What is Thermography?
Medical Thermography is a monitor of thermal abnormalities present in a number of diseases and physical injuries. It is used as an aid for diagnosis and prognosis, as well as therapy follow up and rehabilitation monitoring, within clinical fields that include rheumatology, neurology, physiotherapy, sports medicine, oncology, pediatrics, orthopedics and many others.
Is it Safe?
Thermography has been used extensively in human medicine in the U.S.A., Europe and Asia for the past 20 years with no side-effects or negative reports from use. Prominent physicians such as Christian Northrup, MD say it’s safe even for pregnant women and babies in her article recommending thermography as “the best breast test”. Sports medicine docs use thermal imaging to monitor inflammation so an athlete is returned to peak performance without setbacks of returning too early.
How it Works
Medical DITI or “thermography” is a non-invasive adjunctive diagnostic technique, registered with the FDA in 1982, that allows the examiner to visualize and quantify changes in skin surface temperature. An infrared scanning camera is used to convert infrared radiation emitted from the skin’s surface into electrical impulses that are visualized in color on a monitor, similar to night-vision goggles. This visual image graphically maps the body temperature and is referred to as a thermogram.
Thermography is just a simple test of physiology that relies on the sympathetic nervous system’s control of skin blood flow as the body responds and reacts to pathology anywhere in the body by increasing or decreasing blood flow to corresponding affected areas. This change affects the skin’s surface temperature which is detectable by thermography.
The spectrum of colors indicate an increase or decrease in the amount of infrared radiation being emitted from the body’s surface. Since there is a high degree of thermal symmetry in the normal body, subtle abnormal temperature asymmetries can be easily identified.
In preventative breast health, baseline scans of healthy tissue permit comparison to future scans making changes easily detectable while cells may be pre-cancerous.
Thermal imaging has come a long way in the last twenty years, with a high level of refinement since the early 1990’s. The advances in sensitivity and reliability are due to the huge technological advances in computing, solid state miniaturization and declassification of military electronic super cooling and infrared technology. Imaging Alternative’s camera is accurate to 1/100th of a degree, measured by pixel, 80,000 per image, so extremely high sensitivity.
The need for detecting carriers of the SARS virus put medical thermography on a fast track for development so that airports could reduce spreading SARS by preventing infected passenger travel. Facial scans detecting the slightest elevated temperatures with thermography permitted treatment of infections before passengers were allowed to board planes. Today, ebola is causing increasing airport video scanning thermography to test and possibly quarantine those with elevated facial temps indicating fever.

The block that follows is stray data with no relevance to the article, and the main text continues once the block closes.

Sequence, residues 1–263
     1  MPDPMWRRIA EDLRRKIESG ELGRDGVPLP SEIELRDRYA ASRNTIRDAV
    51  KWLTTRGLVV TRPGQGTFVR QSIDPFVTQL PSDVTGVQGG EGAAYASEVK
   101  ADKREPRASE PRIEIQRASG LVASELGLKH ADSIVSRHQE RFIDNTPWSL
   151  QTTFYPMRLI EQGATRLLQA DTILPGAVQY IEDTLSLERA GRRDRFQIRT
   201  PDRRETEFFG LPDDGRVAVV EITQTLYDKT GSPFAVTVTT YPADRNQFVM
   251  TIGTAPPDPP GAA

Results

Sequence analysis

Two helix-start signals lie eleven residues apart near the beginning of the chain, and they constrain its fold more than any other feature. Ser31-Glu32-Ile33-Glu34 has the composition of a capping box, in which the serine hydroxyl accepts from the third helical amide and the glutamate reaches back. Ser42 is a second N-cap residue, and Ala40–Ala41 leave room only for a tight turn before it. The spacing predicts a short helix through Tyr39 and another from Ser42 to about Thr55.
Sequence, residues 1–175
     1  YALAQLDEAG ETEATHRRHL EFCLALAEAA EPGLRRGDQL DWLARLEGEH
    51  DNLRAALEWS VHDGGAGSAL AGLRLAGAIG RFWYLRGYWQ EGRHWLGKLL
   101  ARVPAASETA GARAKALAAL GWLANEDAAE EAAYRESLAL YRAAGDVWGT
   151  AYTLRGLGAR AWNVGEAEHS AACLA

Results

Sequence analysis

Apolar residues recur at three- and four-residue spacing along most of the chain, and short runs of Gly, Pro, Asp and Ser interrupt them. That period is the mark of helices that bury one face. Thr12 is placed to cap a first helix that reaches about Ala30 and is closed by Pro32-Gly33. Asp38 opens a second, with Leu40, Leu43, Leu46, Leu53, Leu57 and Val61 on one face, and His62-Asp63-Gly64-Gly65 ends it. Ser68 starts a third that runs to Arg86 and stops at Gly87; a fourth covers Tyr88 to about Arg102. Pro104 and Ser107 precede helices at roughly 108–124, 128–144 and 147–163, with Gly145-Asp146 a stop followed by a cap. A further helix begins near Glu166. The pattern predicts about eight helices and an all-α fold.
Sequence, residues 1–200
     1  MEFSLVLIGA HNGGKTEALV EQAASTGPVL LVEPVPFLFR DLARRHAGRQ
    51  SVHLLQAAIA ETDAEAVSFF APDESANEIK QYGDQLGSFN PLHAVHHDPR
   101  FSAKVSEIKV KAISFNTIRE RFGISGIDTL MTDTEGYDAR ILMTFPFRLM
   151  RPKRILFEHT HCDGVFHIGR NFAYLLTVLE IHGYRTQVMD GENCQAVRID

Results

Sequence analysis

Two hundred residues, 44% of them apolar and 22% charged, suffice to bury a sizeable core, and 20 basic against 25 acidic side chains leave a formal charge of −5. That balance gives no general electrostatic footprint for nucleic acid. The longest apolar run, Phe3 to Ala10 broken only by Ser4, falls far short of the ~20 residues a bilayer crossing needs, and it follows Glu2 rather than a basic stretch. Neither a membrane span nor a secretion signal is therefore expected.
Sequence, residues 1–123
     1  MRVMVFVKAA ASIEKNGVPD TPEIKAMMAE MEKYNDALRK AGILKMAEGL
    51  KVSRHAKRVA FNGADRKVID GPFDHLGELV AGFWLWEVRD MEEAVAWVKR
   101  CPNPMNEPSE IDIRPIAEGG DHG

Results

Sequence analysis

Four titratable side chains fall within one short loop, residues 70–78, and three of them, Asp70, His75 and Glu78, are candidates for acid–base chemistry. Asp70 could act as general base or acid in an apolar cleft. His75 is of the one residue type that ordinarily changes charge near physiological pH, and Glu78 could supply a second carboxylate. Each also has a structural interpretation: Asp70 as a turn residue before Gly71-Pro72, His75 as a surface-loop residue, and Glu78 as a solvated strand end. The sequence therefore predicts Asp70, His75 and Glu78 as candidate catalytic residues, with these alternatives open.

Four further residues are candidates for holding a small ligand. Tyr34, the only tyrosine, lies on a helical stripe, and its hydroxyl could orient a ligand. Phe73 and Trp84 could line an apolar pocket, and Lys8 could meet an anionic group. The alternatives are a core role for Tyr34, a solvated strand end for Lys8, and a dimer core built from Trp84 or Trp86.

Medical thermography’s major clinical value is in its high sensitivity to pathology in the vascular, muscular, neural and skeletal systems by detecting temperature changes transmitted to the skin’s surface.
Clinical uses for thermography include:
- Defining the extent of a lesion of which a diagnosis has previously been made
- Detection of an abnormal area not previously identified, so further diagnostic tests can be performed
- Detecting early lesions before they are clinically evident
- Monitoring inflammation of the healing process before the patient is returned to work or training.
How it Works in Detail
Skin blood flow is under the control of the sympathetic nervous system. In normal people there is a symmetrical dermal pattern which is consistent and reproducible for any individual. This is recorded in precise detail by thermography, with a temperature sensitivity of 1/100th of a degree.
The neuro-thermographic application of thermal imaging measures the somatic component of the sympathetic nervous system by assessing dermal blood flow. The sympathetic nervous system is stimulated at the same anatomical location as its sensory counterpart and produces a ‘somato sympathetic response’. The somato sympathetic response appears on a thermogram as a localized area of altered temperature with specific features for each anatomical lesion or cell group abnormality.
The mean temperature differential in peripheral nerve injury is only 1.5°C, yet detectable with thermography. In sympathetic dysfunctions, like RSD / SMP / CRPS (reflex sympathetic dystrophy, sympathetically maintained pain, and complex regional pain syndrome), temperature differentials range from 1° C to 10° C depending on severity. Rheumatological processes generally appear as ‘hot areas’ with increased temperature patterns. The pathology is generally an inflammatory process, i.e. synovitis of joints and tendon sheaths, epicondylitis, capsular and muscle injuries.
Vascular conditions are readily demonstrated by thermal imaging including Raynauds, Vasculitis, Limb Ischemia, and DVT.
Thermography – Filling the Gap in Clinical Diagnosis
Ultrasound, X-ray, CT scans and MRI are tests of anatomy or structure. EKG, ECG and EMG are tests of motor physiology.
Medical thermography is unique in its capability to show physiological change and pathology in the vascular, muscular, neural and skeletal systems. It offers considerable health and financial savings by providing evidence to justify or skip more expensive investigations, some with dangerous radiation. Results obtained with thermography are totally objective and show excellent correlation with other diagnostic tests.
Safe, highly sensitive detection and monitoring of physiology and function – thermography! a.k.a. digital infrared thermal imaging.